19 September 1841 – 18 February 1928
Hattie was born in Ohio but met and married her husband Samuel Klump Martin — a successful lumber executive — in Wisconsin. Two years after their marriage, they moved to Chicago where their five children were born: Elmer, Wilton, Marion, Samuel, and Walter.
In 1896, Samuel passed away. His obituary painted him as a kind and honorable figure in a sea of sharks.
The 1900 census shows Hattie living with three of her five adult children. Those three would all marry and move away over the next few years, but Hattie also had many social and charitable responsibilities that kept her active.
Wilton married Kate Queal Dixon in 1895 in a lavish society wedding; eight years later, Marion, married Kate’s brother George Dixon in an equally lavish wedding.
Though he was not the oldest, it appears that Wilton ran the family lumber business after his father’s death in 1896 until his own retirement.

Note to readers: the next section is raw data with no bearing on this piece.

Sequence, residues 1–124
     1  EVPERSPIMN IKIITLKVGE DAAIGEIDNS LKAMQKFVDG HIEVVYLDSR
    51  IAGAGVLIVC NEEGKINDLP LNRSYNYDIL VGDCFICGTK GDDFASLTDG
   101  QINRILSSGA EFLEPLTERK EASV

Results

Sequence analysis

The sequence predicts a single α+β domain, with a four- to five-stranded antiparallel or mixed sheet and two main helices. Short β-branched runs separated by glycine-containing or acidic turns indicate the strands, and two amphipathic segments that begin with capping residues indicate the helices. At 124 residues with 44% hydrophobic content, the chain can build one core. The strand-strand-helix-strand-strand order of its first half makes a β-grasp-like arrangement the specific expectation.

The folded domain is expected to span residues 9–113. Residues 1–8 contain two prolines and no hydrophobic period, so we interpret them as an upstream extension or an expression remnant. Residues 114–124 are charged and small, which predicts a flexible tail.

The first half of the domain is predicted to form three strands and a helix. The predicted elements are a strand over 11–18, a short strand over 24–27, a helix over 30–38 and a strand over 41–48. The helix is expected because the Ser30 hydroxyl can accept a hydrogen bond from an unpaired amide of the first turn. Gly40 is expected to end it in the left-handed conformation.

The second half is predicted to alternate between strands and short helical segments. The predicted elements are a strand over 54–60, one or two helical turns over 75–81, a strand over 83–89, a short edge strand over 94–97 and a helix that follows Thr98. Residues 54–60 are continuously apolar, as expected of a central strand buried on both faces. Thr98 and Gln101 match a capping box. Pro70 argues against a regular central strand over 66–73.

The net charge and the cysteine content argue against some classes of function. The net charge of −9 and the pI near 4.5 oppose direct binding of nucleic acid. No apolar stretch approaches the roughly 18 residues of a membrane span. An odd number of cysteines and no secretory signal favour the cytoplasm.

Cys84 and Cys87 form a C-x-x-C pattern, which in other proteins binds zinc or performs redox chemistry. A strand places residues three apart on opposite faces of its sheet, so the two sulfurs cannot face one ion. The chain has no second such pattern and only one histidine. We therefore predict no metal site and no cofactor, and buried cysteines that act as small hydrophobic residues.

Wilton and Kate had only one child together, a daughter, and later in life, Kate acted as director of the Presbyterian Hospital and Crippled [sic] Children’s Home in Chicago.
The family were very wealthy and the Martin children also married wealth. Census after census lists the various family members living with servants at upscale addresses around the country.
After she was widowed in 1896, Hattie never remarried and lived out her remaining 32 years in luxury with several live-in servants and several of her children and grandchildren nearby.
Hattie and Samuel are buried at Graceland, their grave marked by this beautiful monument. Of their five children, only Wilton and his wife Kate are buried with them. The others are all at different cemeteries in Chicago and Los Angeles.